The Surreal Estate

Perspectives on Tenant Organizing from the Urban Homesteading Assistance Board

Putnam Portfolio and Stuy Town: Preservation Opportunities for Affordable Housing Once Lost to Speculation

Metro North Residents at Putnam Rally, photo courtesy of Tenants & Neighbors

In recent years, speculation in the affordable housing market is an accepted fact. Real estate investment targets the homes of low income families with the express intent to make financial profit from exploiting the residents who live in these buildings. This practice has failed. Over and over again. However, this hasn’t stopped the perception that massive profits can be gained by gambling on NYC’s affordable housing stock. The question in front of our policy makers now is how will we respond to this continuing and destabilizing crisis?

Stuyvesant Town is likely the most famous affordable housing complex that was victim to the overleveraging crisis of the early to mid-2000s. This is because both it is the largest housing complex with over 11,000 apartments and the fact that in 2006 it was purchased for an astronomical price of over $6 billion. This deal was in default within 3 years. Due to the complex nature of the financing, the buildings have been in limbo since 2009, but as was reported by the New York Times, the properties are back on their way to auction, and unfortunately, there are already willing bidders preparing to speculate on the buildings again.

Although, Stuy Town is the largest and most recognizable portfolio, it is hardly the only large complex on the edge of another critical moment. The Urban American Putnam Portfolio is a group of five former Mitchell Lama projects in upper Manhattan and Roosevelt Island that comprises nearly 4,000 units of what used to be protected, affordable housing. This portfolio is, similar to Stuy Town, at risk of being flipped again. Last week, Bloomberg News rendered an accurate and clear explanation of the history of the properties and the risk the portfolio is currently facing.

To give a brief history, in the height of the housing boom the portfolio was flipped twice under business plans to remove the affordability from the project, push out lower income residents and raise rents as high as possible. Urban American purchased the buildings for $918 million, taking out an $800 million mortgage financed by Fannie Mae. Fannie Mae also took the opportunity to invest at least $60 million in equity in the portfolio (although they won’t admit it) something which seems to be in direct conflict with their mission to protect affordable housing. It should come as no surprise that this isn’t the only time they’ve invested in these types of deals. To complicate matters further, it was discovered that the City Investment Fund partnered with Urban American in this predatory deal. The City Investment Fund includes money from the New York City and New York State retirement systems; a bitter irony considering many of the residents in these Mitchell Lama projects were public workers.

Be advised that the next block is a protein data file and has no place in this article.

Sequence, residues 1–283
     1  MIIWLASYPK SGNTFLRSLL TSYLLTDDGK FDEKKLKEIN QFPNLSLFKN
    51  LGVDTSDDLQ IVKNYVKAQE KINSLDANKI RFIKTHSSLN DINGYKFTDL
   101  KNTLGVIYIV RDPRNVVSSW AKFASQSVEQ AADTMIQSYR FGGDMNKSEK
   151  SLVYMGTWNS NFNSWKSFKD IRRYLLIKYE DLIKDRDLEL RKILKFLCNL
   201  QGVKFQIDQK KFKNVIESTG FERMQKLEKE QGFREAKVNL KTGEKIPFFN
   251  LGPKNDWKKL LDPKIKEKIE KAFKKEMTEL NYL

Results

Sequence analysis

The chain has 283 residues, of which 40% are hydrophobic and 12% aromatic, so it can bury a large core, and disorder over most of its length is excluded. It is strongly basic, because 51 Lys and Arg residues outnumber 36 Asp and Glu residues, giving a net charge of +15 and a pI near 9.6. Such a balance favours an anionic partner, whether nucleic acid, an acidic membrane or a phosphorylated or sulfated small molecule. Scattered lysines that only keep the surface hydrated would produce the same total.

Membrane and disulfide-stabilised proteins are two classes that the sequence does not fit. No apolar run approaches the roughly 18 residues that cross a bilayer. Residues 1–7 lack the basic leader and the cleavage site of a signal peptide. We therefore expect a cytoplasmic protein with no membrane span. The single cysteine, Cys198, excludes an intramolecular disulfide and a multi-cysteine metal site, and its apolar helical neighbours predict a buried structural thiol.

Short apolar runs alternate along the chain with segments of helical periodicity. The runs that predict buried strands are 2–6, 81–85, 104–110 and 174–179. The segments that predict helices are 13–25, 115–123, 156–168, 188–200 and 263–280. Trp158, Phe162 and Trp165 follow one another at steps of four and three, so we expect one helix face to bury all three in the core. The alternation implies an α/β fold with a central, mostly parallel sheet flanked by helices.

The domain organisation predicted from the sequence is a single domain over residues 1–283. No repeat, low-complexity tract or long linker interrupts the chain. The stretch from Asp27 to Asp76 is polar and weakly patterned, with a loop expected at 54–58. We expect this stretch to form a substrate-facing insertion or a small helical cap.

This $800 million mortgage is now due, which has inspired a flurry of activity around the portfolio. Urban American is looking for a new investment partner that would help them refinance. Brookfield Properties has expressed interest in buying a stake in a $1.1 billion refinancing. This is a $182 million increase over the last purchase price, which has stretched the rents to the highest level and allowed the conditions of the properties to decline. In the event of this refinancing both the City Investment Fund and Fannie Mae would be paid off, fulfilling their fiduciary responsibility at the expense of thousands of New Yorkers’ having an affordable place to live.

It DOESN’T have to be this way. We as a City can decide that we are going to fight to preserve these homes, as well as other buildings that are victims of this crisis. We can do this without creating diminution in value to the bondholders. Here’s what we need to do:

Fannie Mae: The mortgage was due in early May. As a deal has still not been completed, Fannie Mae is in a position as holder of the defaulted debt to push for a quicker preservation deal. Fannie Mae could also commit to finance a preservation deal that would protect the affordability and commit to improving the conditions. Additionally, Fannie Mae should take responsibility for the fact it invested in this portfolio and use its equity stake as additional leverage to push for a better outcome.